Cisco Routers

2 minute read


It will be a difficult task to imagine networks without Cisco routers and switches, they are just everywhere. That being said, here is a general overview on Cisco routers:

To Resolve:

Cisco routers have different modes and certain commands that you have to run for each mode. Here they are:

  1. User mode – First mode you enter when the router boots. It’s the basic low priv mode. Output should say “Router>” or something like that.

  2. Privileged Mode – Typing “enable” at the user mode prompt takes you to this mode after you enter the enable password. You type “disable” to return to user mode and “logout” or “exit” to leave altogether. Prompt may look like “Router#” at this mode.

  3. Global Configuration Mode – You type “configure terminal” or config t for short at the privileged mode prompt. It should look like “Router(config)#” at this prompt.

  4. Interface Configuration Mode – This mode allows you to enter commands for specific router interfaces. It is entered by typing “interface (interface name)”. The prompt will look like “Router(config-if)#”

  5. Line Configuration Mode – This mode is used to make changes to the console, Telnet, or aux ports. You can control who can access the router via these ports as well as put passwords or a security feature called “access control lists” on them. Ex command “line console 0” will enter this mode. Ouput will look like “Router(config-line)#”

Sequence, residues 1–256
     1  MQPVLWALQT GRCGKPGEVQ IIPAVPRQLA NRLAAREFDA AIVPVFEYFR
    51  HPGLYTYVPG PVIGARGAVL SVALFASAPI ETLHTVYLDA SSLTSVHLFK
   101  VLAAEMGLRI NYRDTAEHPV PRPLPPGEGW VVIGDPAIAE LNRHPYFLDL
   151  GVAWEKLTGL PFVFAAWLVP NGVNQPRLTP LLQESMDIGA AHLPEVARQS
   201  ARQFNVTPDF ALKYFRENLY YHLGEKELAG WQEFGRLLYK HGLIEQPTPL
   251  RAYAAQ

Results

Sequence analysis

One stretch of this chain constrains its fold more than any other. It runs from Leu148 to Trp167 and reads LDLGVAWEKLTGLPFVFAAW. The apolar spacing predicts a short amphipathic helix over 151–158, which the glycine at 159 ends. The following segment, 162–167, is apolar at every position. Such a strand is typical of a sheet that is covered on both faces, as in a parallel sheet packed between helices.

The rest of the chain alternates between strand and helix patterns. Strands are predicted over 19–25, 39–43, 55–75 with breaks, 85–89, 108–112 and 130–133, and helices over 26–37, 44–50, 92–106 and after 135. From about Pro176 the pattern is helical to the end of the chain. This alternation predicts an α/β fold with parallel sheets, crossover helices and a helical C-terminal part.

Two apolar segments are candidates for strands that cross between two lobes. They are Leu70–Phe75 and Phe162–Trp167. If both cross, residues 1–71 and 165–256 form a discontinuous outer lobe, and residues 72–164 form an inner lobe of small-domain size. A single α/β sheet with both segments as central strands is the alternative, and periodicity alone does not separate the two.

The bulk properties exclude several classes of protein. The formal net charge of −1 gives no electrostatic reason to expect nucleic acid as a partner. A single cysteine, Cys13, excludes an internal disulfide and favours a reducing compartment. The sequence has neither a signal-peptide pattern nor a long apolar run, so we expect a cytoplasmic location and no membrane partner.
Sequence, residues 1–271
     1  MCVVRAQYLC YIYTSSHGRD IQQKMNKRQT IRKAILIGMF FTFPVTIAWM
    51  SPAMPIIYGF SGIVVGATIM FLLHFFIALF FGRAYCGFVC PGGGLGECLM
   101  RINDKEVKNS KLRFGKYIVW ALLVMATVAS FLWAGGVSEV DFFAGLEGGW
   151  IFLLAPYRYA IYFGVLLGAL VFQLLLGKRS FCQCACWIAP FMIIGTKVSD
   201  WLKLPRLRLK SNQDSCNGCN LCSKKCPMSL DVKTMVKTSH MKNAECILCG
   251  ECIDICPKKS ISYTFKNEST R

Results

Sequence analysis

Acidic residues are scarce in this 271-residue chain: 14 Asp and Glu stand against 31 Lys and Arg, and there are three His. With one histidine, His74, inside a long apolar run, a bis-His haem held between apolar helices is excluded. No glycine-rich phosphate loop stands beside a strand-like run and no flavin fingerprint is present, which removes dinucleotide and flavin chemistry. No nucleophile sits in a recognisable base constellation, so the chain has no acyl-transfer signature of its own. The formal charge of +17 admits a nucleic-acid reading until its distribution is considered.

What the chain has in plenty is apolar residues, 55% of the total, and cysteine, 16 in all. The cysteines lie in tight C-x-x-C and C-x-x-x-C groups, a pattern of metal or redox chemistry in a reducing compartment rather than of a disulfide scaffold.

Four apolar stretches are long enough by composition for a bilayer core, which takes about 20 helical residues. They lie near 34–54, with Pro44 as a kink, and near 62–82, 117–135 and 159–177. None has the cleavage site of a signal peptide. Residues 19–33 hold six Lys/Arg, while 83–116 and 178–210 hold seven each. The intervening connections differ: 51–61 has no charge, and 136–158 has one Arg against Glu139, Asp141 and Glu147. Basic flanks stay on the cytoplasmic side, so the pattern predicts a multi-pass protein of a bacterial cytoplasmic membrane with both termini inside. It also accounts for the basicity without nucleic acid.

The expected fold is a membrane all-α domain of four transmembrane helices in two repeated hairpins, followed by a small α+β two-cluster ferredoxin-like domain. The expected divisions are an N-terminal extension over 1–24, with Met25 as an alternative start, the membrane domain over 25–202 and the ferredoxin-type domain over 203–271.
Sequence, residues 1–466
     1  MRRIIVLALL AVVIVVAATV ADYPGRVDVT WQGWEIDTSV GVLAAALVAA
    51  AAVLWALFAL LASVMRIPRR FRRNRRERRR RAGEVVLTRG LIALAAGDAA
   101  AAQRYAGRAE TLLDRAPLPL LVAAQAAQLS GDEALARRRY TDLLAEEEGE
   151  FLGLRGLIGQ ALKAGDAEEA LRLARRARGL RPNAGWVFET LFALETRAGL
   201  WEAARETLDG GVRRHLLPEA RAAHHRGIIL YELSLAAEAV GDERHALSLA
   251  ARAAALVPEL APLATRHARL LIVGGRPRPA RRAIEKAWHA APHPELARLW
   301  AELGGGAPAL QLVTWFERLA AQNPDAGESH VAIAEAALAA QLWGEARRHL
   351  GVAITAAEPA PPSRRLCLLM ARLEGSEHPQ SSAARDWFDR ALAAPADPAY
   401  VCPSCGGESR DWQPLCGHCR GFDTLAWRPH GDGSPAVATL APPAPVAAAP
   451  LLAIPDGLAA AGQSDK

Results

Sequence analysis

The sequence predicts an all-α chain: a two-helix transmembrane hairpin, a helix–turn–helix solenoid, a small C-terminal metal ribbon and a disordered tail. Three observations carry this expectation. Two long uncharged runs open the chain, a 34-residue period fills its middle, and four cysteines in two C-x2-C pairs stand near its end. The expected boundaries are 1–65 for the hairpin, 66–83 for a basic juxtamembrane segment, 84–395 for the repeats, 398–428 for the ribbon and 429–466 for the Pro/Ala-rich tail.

6. Router Configuration Mode – This mode is used to configure protocols. Ex: “router rip” changes the prompt to “Router (config-router)#”

  7. VLAN Configuration Mode – This mode is only on switches, but it’s worth mentioning here. You would type “config t” and then “vlan 10” for instance to access features of a VLAN. Routers equipped with Ethernet switch cards will use VLAN Database Configuration Mode which is similar to the switches VLAN Config Mode. You would run “vlan database” and then “vlan 10” to add vlan 10 to the list.

  8. Configuring a router: At the most basic, type a “?” to get a list of commands for each mode. You tap the spacebar to see “more” and you type “q” or Ctrl+Z to get back to the command prompt. The prompt enables tab completion and wildcard completion as well.

  9. If you want to configure an interface, you can type “interface ?” after the enable and config t prompts. Most people only use FastEthernet, Serial, and Loopback so don’t be discouraged by the long list.



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